.0789

FEV1/FVC ratio

 Baseline

176

74.88 ± 7.510

356

74.59 ± 7.084

 

 Change at Hour 2

174

0.16 ± 3.329

351

0.52 ± 2.562

.2087

COPD stratum

FEV1 (L)

 Baseline

151

1.70 ± 0.630

316

1.70 ± 0.655

 

 Change at Hour 2

147

−0.01 ± 0.152

313

−0.00 ± 0.159

.6189

FVC (L)

 Baseline

151

2.75 ± 0.833

316

2.83 ± 0.899

 

 Change at Hour 2

147

−0.04 ± 0.230

313

0.00 ± 0.239

.0258*

FEV1/FVC ratio

 Baseline

151

61.95 ± 12.684

316

60.00 ± 13.191

 

 Change at Hour 2

147

0.31 ± 3.177

313

−0.30 ± 3.571

.0289*

COPD, Chronic obstructive pulmonary disease; FVC, forced vital capacity; FEV 1 , forced expiratory volume in 1 second; SD, standard deviation.

*,**Statistical significance at level of P = .05 and P = .01, respectively.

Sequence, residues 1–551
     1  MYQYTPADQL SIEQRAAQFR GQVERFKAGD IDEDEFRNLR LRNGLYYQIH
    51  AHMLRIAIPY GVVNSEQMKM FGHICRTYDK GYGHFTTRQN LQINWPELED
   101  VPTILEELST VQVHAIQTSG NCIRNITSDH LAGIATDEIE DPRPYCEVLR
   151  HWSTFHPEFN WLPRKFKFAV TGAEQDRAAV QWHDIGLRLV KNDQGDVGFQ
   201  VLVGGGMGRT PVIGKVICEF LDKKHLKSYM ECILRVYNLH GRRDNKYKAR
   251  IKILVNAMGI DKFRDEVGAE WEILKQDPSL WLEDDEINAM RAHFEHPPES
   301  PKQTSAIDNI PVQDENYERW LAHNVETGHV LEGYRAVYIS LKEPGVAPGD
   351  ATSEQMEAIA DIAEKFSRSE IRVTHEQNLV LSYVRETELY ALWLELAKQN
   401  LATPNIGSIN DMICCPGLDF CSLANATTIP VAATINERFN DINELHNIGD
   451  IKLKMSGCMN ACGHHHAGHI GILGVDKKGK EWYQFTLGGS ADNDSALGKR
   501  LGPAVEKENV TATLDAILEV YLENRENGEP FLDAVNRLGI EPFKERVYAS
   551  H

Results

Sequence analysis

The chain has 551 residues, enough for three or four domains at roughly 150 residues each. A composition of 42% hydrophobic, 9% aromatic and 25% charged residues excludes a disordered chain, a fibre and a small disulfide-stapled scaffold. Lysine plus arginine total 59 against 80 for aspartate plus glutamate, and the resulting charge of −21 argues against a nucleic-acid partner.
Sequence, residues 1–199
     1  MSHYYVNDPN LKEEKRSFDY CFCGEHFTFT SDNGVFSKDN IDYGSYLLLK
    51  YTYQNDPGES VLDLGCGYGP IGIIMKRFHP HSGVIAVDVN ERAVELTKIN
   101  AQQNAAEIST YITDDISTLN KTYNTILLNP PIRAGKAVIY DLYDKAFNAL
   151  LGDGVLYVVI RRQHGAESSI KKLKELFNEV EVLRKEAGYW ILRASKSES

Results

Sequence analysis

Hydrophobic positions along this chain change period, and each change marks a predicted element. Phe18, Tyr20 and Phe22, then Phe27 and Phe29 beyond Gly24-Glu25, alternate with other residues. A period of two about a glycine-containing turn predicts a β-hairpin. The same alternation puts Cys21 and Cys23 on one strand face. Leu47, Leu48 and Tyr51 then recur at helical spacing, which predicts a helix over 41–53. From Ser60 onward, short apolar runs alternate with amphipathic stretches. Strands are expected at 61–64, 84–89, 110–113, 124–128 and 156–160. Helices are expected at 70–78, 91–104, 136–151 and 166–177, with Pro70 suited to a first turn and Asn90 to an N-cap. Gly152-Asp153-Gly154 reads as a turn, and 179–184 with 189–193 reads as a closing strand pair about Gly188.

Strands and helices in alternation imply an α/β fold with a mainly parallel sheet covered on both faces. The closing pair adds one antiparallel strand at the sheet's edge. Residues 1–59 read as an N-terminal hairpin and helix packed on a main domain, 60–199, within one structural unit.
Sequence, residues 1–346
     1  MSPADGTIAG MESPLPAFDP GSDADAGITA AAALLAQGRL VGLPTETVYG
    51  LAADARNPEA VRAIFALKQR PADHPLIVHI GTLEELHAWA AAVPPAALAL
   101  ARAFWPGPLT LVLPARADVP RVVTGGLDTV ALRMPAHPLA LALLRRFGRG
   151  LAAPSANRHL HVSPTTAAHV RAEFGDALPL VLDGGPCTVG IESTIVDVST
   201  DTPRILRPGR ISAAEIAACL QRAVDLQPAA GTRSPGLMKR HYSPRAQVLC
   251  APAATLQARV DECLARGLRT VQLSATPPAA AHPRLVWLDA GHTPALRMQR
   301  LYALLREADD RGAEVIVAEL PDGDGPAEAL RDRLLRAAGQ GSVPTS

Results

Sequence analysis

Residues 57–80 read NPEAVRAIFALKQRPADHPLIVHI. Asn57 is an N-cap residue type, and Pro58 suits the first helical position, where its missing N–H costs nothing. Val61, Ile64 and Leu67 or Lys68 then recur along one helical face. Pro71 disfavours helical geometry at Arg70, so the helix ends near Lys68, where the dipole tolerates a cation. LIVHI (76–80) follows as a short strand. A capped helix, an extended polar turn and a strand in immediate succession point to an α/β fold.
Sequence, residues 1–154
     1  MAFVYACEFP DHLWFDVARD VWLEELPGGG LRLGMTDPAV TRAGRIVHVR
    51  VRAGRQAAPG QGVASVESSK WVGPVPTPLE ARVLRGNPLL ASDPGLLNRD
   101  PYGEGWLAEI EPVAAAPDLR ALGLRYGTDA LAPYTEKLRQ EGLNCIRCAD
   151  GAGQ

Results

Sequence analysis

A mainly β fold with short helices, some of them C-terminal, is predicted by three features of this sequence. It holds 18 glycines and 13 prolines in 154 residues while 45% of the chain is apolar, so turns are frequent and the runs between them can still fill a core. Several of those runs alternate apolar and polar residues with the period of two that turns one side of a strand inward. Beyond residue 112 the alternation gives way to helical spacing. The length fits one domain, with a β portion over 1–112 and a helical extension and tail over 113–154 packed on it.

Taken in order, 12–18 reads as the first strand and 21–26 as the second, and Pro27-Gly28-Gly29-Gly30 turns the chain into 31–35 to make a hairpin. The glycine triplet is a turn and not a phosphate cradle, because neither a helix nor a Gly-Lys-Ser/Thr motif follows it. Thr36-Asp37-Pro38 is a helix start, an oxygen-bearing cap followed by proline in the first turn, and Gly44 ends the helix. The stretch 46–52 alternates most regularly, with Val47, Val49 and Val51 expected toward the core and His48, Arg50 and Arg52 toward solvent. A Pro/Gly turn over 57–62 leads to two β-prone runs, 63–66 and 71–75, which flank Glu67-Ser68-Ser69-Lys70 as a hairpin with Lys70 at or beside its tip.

a F test from ANCOVA with treatment and investigator site as main effects and baseline value as a covariate in the model.

Decreases in oxygen saturation are a severe manifestation of acute pulmonary decomposition. Changes in oxygen saturation from baseline to any post-baseline assessment did not demonstrate statistically significant decreases in the regadenoson group compared with the placebo group in either the asthma or COPD stratum, with the exception of the 30-minute post-baseline measurement in the COPD stratum (−0.8% in the regadenoson group vs 0% in the placebo group). The greatest individual decreases in oxygen saturation in the regadenoson group were −12.4% (97.9% to 85.5%) and −12.7% (98.2% to 85.5%) in the asthma and COPD strata, respectively; both lowest measurements were recorded at the 30-minute post-dose assessment (Table 5). The subjects with the greatest individual decreases in oxygen saturation and the aforementioned subjects with the greatest individual decreases in FEV1 were not the same subjects. The greatest individual decreases in oxygen saturation in the regadenoson group were less than the corresponding decreases observed in the placebo group (−15.2%, 5 minutes post-dose and −14.4%, 3 to 7 hours post-dose for the asthma and COPD strata, respectively) (Table 5).